How much snow do we have and when will it leave?

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Photo courtesy Sherry Longo

One look out your window and you’re probably wondering just how much snow do we have on the ground and more importantly, when will it melt away?

The Canadian groundhogs predicted an early Spring and the furry rodents just might be on to something- well, maybe. The long range forecast through March and April do look promising if you’re craving warmer days and melting snowpack. Now, you’re likely saying, “the weather forecasters never get it right, but if you recall, the forecasters actually got it quite right the last few years. Last winter was extremely mild in both temperatures and snowfall – something that was predicted and the same can be said for this year, as it was forecast to be “an old fashion Canadian winter – and it certainly has been.

The long range forecast through March and April do look promising if you’re craving warmer days and melting snowpack. Now, you’re likely saying, “the weather forecasters never get it right, but if you recall, the forecasters actually got it quite right the last few years. Last winter was extremely mild in both temperatures and snowfall – something that was predicted and the same can be said for this year, as it was forecast to be “an old fashion Canadian winter – and it certainly has been.

According to the U.S. National Oceanic and Atmospheric Administration, the estimated depth of snow on the ground currently as of Saturday February 11 is approximately 40 inches or about 101cm which is actually lower than the record amount of snow recorded on the ground for this date back in 1971 when the Sault had 107cm on the ground.  The average snowfall for the Sault according to Environment Canada is 302cm annually from October through April . The snow is typically at its deepest on February 10, with a median depth of 33.9 cm; the depth exceeds 40.9 cm only one year out of ten, this being one of those years. On average the lat accumulating snowfall sits around April 7.

So, statistically speaking the worst of the winter is over. Now, when can we expect it to leave?

On average, Sault Ste. Marie’s snowpack normally is gone by the second week of April – with the exception of piles of snow in parking lots.  Last year was abnormally early, the Sault’s snowfall that year was gone by mid-March, though it came back at the beginning of April with 20cm and it stuck around until mid April.

This year, if conditions are right, you can expect the snow to be gone by mid to late April, but there are many variables that could change that. We need more than just plus temperatures, we need lots of sun and little wind to get rid of the snow and the long range forecast does indicate that.  The rest of February will see normal temperatures of about -2 to -5c during the day and there’s still several chances of accumulating snow.

March will begin somewhat snowy and cool but we will see more sun and the sun’s warmth begins to get stronger with each day. With ideal conditions, that being sunny days and temperatures around 5c , it’s very likely we could see about 10cm of snow melt each day. Even with temperatures below freezing but lots of sun, the melt can continue like roof tops and roadways. Rain can also factor in for a quick melt. The amount of moisture in the air can accelerate the melting process, while wind will carry away the moisture and preserve the snow pack.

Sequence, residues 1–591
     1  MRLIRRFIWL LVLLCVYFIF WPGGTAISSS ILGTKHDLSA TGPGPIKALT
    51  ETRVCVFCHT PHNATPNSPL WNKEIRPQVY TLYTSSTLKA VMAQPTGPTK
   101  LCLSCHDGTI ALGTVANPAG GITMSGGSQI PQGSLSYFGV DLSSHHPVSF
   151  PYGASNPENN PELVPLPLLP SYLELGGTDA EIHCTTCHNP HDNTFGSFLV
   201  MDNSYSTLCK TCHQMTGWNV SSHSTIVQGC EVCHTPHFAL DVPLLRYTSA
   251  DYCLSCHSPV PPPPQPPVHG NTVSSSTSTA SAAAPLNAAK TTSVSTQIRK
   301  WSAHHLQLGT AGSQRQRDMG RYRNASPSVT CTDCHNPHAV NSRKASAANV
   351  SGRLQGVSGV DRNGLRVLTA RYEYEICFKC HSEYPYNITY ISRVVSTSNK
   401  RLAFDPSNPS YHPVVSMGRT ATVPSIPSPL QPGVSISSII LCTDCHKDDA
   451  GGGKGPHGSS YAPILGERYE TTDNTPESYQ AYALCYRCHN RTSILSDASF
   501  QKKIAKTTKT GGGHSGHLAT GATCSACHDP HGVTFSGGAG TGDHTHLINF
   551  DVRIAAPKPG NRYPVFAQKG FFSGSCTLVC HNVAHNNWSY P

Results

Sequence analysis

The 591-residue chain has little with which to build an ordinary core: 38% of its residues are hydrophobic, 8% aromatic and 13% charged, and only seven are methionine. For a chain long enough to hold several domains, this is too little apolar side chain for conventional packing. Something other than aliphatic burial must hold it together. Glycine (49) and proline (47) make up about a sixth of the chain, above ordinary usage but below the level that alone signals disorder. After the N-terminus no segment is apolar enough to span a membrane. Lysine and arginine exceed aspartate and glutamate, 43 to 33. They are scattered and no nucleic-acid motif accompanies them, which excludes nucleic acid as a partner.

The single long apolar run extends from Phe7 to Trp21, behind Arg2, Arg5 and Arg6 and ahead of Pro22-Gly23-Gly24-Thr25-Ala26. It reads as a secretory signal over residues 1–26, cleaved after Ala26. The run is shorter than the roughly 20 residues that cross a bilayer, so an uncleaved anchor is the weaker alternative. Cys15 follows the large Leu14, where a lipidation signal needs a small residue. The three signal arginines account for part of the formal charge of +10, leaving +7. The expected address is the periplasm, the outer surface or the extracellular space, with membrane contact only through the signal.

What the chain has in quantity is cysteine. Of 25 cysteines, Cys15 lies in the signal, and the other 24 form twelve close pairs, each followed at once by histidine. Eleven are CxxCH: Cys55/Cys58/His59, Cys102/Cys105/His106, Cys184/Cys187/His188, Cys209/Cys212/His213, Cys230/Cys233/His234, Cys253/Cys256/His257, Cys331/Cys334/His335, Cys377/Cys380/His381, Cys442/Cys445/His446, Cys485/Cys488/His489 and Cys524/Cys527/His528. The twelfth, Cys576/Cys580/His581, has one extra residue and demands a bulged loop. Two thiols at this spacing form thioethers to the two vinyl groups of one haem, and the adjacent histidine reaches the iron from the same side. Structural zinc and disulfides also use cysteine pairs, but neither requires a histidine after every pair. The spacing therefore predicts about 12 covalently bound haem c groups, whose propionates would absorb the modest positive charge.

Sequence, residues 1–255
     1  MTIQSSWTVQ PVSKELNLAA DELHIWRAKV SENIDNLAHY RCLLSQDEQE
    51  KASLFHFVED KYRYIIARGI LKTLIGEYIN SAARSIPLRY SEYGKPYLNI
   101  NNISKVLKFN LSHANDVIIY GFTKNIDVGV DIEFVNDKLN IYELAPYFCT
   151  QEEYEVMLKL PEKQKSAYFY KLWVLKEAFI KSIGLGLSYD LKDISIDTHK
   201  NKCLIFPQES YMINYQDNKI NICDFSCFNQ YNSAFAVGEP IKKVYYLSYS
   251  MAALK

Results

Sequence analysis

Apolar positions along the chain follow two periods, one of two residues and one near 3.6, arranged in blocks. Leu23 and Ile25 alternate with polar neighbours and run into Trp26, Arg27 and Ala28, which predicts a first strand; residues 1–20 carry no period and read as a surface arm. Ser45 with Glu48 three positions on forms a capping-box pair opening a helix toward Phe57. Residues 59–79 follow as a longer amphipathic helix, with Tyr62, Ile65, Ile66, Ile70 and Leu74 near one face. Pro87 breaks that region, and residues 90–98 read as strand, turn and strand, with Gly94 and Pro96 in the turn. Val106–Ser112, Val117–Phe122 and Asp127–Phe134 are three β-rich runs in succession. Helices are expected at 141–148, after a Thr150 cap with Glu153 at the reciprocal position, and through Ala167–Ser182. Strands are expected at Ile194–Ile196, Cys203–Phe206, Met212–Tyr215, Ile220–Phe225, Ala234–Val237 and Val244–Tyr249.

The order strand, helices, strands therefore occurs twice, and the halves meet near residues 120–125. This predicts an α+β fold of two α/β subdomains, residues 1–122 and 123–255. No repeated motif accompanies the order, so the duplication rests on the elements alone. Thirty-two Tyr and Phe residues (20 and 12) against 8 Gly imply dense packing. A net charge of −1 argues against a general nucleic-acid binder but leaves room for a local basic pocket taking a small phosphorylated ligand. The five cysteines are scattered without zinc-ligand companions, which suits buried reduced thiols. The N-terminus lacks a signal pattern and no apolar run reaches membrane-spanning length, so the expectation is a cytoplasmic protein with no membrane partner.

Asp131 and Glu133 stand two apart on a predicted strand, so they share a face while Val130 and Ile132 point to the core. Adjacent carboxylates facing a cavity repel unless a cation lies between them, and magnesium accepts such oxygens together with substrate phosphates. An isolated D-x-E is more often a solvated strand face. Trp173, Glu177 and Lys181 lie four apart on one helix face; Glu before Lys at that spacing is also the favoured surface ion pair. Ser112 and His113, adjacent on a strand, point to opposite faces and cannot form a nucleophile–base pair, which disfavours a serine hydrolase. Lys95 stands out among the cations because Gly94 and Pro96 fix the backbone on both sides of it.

By the second to third week of March temperatures move into the plus side and stay there for the most part. Things really get warm for the month of April as temperatures are expected to bump into double pluses early in the month.

With that said and based on averages, it appears (at this point) the snowpack will be completely gone by April 20th. The huge snowbanks and mountains may take a little longer.

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Craig Huckerby
Craig Huckerby is a seasoned broadcast and media professional with over 35 years in local media. Starting in television, Craig became known as "the weather guy" on local television before pioneering internet media in the Sault. Craig is credited for bringing local television back to the Sault via the internet in 2003 with LTVNEWS.COM and was instrumental in launching SooNews.ca and Local2.ca. Craig is happy to be part of the Sault's newest media team and website, SaultOnline.com

3 COMMENTS

  1. maybe a proofread?

    The long range forecast through March and April do look promising if you’re craving warmer days and melting snowpack. Now, you’re likely saying, “the weather forecasters never get it right, but if you recall, the forecasters actually got it quite right the last few years. Last winter was extremely mild in both temperatures and snowfall – something that was predicted and the same can be said for this year, as it was forecast to be “an old fashion Canadian winter – and it certainly has been.

    Insert ad here

    The long range forecast through March and April do look promising if you’re craving warmer days and melting snowpack. Now, you’re likely saying, “the weather forecasters never get it right, but if you recall, the forecasters actually got it quite right the last few years. Last winter was extremely mild in both temperatures and snowfall – something that was predicted and the same can be said for this year, as it was forecast to be “an old fashion Canadian winter – and it certainly has been.

  2. Quit teasing us Craig !!! I think we all hope your 4cast is correct. Spring…to me…is when the city water truck cleans all the sand off of my street.

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